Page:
The government has more funds it can use to address the continuing spread of the coronavirus disease (COVID-19) and provide immediate relief to the people, said labor NGOs Crispin B. Beltran Resource Center (CBBRC) and Ecumenical Institute for Labor Education and Research (EILER) in a joint statement on Easter Sunday.
“For decades, civil society organizations have been calling for realignment of military and intelligence budget towards social services and social protection measures for Filipinos. Social protection systems and accessible social services are vital in building resiliency and are effective stabilizers in times of crises. As we’ve earlier emphasized, community quarantine is necessary but to what extent remains unclear and certain considerations were missed, including effective financing of the overall impact and policy responses,” EILER Executive Director Rochelle Porras said.
According to the labor NGOs, the overly broad and vague emergency powers given to the President through the Bayanihan to Heal As One Act, has fallen short of radically mobilizing billions of pesos that are needed to contain the pandemic and to provide safety nets to the worsening social and economic impacts. EILER and CBBRC pointed out that almost a month after the lock downs, the ECQ is still focused strictly and solely on movement of the people, leaving out vital scientific and medical aspects that ultimately would need funding to efficiently provide the 18 million Filipino households it identified with adequate and quality social services and effectively control the impact of the virus.
“It’s been weeks and the government has fallen behind in strengthening health, economic and social measures to combat the threat of COVID-19,” Porras added.
No to cover-up; yes to increasing budget for improving public health system and other social services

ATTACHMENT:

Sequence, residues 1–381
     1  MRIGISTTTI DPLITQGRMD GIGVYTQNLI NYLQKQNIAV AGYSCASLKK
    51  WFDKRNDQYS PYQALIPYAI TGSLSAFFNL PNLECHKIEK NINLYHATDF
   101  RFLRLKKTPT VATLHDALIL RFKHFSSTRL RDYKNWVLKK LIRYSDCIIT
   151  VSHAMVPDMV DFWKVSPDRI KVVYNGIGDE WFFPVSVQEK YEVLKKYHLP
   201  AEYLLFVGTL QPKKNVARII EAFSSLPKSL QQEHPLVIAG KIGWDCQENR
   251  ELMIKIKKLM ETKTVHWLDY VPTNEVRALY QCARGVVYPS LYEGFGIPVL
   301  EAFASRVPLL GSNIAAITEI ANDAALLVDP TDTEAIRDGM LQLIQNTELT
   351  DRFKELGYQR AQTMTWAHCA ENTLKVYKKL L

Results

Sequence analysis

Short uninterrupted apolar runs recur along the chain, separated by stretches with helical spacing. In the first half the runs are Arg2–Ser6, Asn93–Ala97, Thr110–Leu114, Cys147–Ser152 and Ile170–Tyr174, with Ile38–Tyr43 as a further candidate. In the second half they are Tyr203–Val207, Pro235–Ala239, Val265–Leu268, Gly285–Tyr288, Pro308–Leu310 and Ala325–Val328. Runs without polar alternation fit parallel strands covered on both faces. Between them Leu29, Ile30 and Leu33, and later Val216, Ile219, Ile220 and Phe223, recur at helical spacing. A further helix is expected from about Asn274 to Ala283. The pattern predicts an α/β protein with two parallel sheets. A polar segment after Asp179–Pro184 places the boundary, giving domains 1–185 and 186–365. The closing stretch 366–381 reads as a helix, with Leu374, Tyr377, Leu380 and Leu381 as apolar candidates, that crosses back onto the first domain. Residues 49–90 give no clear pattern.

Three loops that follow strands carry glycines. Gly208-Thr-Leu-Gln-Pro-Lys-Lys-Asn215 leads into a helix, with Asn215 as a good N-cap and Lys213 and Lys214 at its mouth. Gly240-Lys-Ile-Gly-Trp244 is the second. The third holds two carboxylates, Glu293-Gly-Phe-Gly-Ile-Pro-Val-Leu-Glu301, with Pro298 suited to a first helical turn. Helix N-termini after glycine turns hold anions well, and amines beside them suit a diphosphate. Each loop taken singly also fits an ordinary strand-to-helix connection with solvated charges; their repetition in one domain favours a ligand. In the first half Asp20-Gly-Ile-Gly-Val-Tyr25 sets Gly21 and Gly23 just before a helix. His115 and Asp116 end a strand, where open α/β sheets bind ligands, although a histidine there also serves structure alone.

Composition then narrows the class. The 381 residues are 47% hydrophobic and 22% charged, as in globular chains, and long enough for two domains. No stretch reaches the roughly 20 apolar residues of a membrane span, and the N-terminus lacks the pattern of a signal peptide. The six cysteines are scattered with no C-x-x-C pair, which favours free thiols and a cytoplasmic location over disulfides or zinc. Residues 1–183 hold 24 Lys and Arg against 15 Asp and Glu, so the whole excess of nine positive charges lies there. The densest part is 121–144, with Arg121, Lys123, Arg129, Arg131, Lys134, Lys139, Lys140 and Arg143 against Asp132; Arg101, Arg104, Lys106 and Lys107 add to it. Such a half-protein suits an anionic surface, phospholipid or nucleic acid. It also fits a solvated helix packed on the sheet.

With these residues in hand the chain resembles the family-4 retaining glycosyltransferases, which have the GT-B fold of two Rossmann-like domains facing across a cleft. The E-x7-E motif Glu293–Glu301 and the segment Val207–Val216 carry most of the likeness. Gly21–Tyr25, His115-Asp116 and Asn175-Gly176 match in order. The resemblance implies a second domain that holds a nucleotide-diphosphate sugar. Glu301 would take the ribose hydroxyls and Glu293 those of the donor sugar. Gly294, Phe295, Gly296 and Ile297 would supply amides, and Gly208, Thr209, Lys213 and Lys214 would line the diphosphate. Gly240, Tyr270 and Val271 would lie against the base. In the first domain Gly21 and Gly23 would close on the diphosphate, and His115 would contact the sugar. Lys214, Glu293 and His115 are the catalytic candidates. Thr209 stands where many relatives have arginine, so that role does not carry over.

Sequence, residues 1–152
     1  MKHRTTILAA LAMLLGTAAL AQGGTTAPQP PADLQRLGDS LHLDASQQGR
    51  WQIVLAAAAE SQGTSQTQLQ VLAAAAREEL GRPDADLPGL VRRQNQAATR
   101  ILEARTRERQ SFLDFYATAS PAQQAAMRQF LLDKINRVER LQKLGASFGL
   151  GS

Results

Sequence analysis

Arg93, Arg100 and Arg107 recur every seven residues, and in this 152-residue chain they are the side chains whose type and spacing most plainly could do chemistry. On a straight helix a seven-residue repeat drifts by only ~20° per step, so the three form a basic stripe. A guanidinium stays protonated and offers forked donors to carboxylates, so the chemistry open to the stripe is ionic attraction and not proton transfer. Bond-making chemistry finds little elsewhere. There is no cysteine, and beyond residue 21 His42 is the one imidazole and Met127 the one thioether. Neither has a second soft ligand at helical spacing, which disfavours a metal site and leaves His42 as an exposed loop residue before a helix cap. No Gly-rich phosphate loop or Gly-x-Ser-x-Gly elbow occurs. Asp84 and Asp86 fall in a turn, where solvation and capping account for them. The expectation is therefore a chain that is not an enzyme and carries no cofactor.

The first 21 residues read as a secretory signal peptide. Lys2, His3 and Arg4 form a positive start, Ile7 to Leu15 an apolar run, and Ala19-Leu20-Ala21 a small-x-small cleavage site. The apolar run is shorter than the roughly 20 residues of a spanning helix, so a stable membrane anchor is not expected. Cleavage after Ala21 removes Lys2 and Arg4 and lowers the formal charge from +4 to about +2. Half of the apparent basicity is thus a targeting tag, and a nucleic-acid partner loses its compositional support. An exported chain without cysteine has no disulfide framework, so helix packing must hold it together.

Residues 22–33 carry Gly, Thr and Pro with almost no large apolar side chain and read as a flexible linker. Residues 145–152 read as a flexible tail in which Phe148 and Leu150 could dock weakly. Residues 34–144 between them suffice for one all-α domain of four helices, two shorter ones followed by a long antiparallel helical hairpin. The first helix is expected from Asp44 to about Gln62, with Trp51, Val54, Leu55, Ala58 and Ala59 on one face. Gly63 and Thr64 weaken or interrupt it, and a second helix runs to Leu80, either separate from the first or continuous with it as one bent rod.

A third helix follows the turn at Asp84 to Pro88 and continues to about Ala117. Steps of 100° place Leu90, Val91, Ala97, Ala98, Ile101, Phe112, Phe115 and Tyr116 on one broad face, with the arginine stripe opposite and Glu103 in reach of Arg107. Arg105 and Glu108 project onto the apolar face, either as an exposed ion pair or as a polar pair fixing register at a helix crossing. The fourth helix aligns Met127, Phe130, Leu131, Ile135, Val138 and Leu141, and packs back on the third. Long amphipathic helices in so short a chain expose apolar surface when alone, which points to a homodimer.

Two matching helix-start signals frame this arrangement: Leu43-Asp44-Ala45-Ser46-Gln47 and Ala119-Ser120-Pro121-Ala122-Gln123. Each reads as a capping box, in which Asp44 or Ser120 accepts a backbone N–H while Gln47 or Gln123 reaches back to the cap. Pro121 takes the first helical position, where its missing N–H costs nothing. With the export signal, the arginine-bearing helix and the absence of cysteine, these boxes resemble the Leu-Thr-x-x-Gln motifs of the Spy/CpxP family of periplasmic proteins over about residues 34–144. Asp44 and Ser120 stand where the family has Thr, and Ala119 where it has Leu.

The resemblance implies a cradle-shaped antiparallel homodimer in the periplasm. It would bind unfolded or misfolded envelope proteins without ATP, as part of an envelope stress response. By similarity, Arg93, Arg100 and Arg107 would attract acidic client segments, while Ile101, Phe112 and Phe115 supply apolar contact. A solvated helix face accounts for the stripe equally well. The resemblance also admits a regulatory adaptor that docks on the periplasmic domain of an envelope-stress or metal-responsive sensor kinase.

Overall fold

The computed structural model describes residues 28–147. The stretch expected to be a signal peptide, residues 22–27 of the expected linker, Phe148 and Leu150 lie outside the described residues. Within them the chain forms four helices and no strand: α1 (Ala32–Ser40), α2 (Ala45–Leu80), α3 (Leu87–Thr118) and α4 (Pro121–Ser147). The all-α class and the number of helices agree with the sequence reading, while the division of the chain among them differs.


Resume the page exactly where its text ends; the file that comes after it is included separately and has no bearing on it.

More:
Under the Constitution, the President can only realign savings from appropriations in the approved budget of the Executive branch. However, the Bayanihan to Heal As One Act approved last month has allowed the President to reallocate, realign, and reprogram at least P275-billion package from the national budget in response to the pandemic. Duterte said that the amount is not enough and on April 6, instructed Finance Secretary Carlos Dominguez to find government funds in addition to what was initially proposed under the Bayanihan Law.
Whether covering up for the dismal performance in responding to the pandemic (COVID-19 spread globally in January) or total disregard for peoples’ welfare, the fact is that the government has existing resources under the General Appropriations Act (GAA) which could’ve been allotted for greater good. The whopping P379.4-billion defense and police funds and the combined appropriation for intelligence, confidential and counter-insurgency program funds worth P13.4-billion indicate overspending on militarization compared to P101-billion actual budget for the Department of Health. There is also the P13-billion Special Purpose Funds (SPFs) contingency budget and the P451-billion allotment on debt service on interest payments. Altogether, these would pool a total of P856.8-billion as potential COVID-19 response funds, out of the existing P4.1-trillion budget, to boost the public health system and other social services.
For perspective, several untapped funds can further be examined. These include P213-billion unprogrammed appropriations and the P102-billion worth of dividends from 12 GOCCs. There is also the P989.3-billion budget for the ambitious Build, Build, Build which remains far from achieving its 75 projects given the circumstances.
In terms of increased borrowing, Finance Assistant Secretary and Spokesperson Antonio “Tony” Lambino II earlier announced that the Bangko Sentral ng Pilipinas will open a P300-billion credit line. The Asian Development Bank has approved a US$3-million (P152.1-million) grant to support government efforts against COVID-19. In addition, the World Bank has also approved a US$500-million (P25.35-billion) policy loan to support disaster response and recovery including urgent needs created by the COVID-19 crisis.
“Clearer guidelines, concrete plans, and political will are all needed, and the people’s welfare must be the top priority in addressing the pandemic. The government has all the resources it needs even without the emergency powers. Simply put, it has to just act quickly, do its job and do it well,” Porras concluded.